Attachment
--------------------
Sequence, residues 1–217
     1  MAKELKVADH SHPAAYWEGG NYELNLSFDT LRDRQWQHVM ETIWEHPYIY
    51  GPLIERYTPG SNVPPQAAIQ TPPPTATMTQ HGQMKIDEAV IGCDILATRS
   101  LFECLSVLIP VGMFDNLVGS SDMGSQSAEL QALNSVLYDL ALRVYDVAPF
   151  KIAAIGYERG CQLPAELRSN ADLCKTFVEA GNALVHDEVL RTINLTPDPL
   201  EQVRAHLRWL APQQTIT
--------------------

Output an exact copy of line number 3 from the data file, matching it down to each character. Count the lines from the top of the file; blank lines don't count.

    51  GPLIERYTPG SNVPPQAAIQ TPPPTATMTQ HGQMKIDEAV IGCDILATRS